Blue Oat Grass (Helictotrichon Sempervirens): Growth and Care Guide

Blue oat grass (Helictotrichon Sempervirens), also commonly referred to as Texas wild oats, is an evergreen perennial that grows in clumps. In the summer months, it produces small blue flowers. This beautiful ornamental grass is relatively hardy and can be grown in USDA zones 4 to 9.

Texas wild oats look great and make a striking addition to any flower bed or garden area. As it is both drought and cold-tolerant, it is also ideal for planting in the sunny garden spots of cooler climates. Let’s look at how to grow and care for blue oat grass.

What is Blue Oat Grass?

Blue Oat Grass

Helictotrichon Sempervirens is native to Europe and is commonly grown in yards worldwide as an ornamental species (not to be confused with stout blue-eyed grass, an Illinois favorite). This Perennial plant has the botanical name Helictotrichon Sempervirens. Other common names include Texas wild oats, star grass, northern sea oats, and needlegrass. Blue oat grass features thin stems with short-stalked leaves growing in clumps about two to three feet tall, blooming in late summer with small flowers.

Blue Oat Grass Care Requirements

Blue Oat Grass Care

When caring for blue oat grass plants, there are several characteristics that should be considered to ensure success with this type of plant. While it is hardy, Texas wild oats are sensitive to damage from cold weather and hailstorms. It generally grows best in areas with full sun and sandy soil that drains quickly.

Texas wild oat grass is a cool-season grass that isn’t an invasive species and, once planted, doesn’t require much care. Here are some tips to help you grow healthy blue oat grass:


From planting to maturity, blue oat grass requires about 150 days for growth before it begins blooming. To promote faster growth, soak the newly planted blue oat grass seed in water before planting, and then do not water again until buds begin to form. If planted too early, the seeds will rot and die.

You can grow blue oat grass from seed indoors in the fall before transplanting outside. As these plants are cool-season grasses, they are frost tolerant as long as they have been acclimatized.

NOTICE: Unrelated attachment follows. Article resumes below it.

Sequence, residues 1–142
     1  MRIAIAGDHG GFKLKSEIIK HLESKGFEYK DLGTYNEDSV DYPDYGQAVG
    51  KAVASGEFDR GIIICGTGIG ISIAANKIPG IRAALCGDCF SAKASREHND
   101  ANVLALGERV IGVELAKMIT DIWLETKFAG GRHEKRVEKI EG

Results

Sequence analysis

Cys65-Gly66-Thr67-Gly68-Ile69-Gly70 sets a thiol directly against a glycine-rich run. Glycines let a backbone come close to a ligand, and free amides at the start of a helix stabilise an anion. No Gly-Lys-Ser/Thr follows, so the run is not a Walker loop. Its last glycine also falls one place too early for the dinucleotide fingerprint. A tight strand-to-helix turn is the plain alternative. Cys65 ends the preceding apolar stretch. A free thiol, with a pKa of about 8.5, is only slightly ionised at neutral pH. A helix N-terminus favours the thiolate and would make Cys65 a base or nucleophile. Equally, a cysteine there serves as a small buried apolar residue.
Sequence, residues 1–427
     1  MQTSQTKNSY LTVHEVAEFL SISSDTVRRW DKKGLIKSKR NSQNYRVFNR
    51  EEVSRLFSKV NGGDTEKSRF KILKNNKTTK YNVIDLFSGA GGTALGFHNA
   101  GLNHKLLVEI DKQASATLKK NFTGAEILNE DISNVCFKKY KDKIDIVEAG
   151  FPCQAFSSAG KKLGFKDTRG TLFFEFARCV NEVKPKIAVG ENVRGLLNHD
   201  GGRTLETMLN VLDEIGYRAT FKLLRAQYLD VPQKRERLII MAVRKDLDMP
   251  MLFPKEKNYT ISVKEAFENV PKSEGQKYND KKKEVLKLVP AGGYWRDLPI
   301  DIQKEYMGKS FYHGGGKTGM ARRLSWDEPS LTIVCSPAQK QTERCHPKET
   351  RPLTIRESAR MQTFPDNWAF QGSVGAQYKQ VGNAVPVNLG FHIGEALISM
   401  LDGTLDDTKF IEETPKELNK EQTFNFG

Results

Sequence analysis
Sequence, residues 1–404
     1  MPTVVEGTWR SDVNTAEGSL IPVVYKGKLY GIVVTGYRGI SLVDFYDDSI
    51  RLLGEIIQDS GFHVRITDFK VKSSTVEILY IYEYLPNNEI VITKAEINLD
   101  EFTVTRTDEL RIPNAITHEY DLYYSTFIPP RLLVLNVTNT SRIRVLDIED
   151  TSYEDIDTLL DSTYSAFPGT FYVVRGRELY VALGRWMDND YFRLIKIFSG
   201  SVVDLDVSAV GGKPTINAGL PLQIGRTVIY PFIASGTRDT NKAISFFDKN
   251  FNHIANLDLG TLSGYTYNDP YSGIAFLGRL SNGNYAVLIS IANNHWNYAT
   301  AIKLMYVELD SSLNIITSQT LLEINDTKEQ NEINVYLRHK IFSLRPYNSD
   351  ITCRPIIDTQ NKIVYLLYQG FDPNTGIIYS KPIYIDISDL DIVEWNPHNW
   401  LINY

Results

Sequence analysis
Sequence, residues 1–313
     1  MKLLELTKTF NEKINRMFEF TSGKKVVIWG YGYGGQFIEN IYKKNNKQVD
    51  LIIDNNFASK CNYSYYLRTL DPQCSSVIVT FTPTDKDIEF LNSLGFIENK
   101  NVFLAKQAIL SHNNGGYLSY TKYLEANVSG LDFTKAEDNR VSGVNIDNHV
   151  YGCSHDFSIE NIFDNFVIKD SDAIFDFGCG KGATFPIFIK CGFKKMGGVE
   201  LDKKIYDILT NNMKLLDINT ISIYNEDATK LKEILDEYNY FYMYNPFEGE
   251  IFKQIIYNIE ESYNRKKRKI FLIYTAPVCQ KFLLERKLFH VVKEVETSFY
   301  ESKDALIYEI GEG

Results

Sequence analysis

It is easy to grow and care for, provided it is planted in well-drained soil of loamy texture with high organic content. It does not require fertilizer but can benefit from mulch, especially in hot climates. It likes a neutral soil to slightly acidic and has a pH range of between 6.0 and 7.5.

Watering requirements

Blue oat grass is drought-tolerant and thrives in areas with poor drainage, although plants that are not watered adequately will appear thin and spindly with fewer blooms. It should also be watered every few days, depending on the level of heat and sunlight present where the plants are located.

Sunlight needs

It loves a dry and cool climate but also requires enough sun, so be sure to plant them where they can get a lot of sunlight. Your plant needs approximately six hours of sunlight a day to thrive.


Blue oat grass doesn’t require much fertilizing. Use a balanced 10-10-10 fertilizer once or twice a year. Beware that you do not fertilize too much, or it could have the opposite effect and kill your grass.


While BOG is generally pest-free, there are a few problems that can occur from time to time. Slugs and snails may decimate blue oat grass seedlings, while deer may eat the plants. Spider mites are also common, but these pests can be treated by spraying the plant with a blast of water to knock them off and then with insecticidal soap or horticultural oil spray.


You can cut the dead flower heads off the plant in the fall and remove any dead shoots of grass. These plants don’t require much pruning but can be cut back or raked to remove dead leaves and stop thatch from accumulating.


Blue oat grass is a lovely ornamental grass that can be added to landscape displays and flower beds. It can also be grown in containers. BOG is a cool-season grass that does well in milder climates but also likes the sun and thrives in dry, well-draining soil.

Surprisingly, a lot of folks like to compare blue oat grass to blue fescue, but glue oat grass is ornamental, while blue fescue is a turf grass.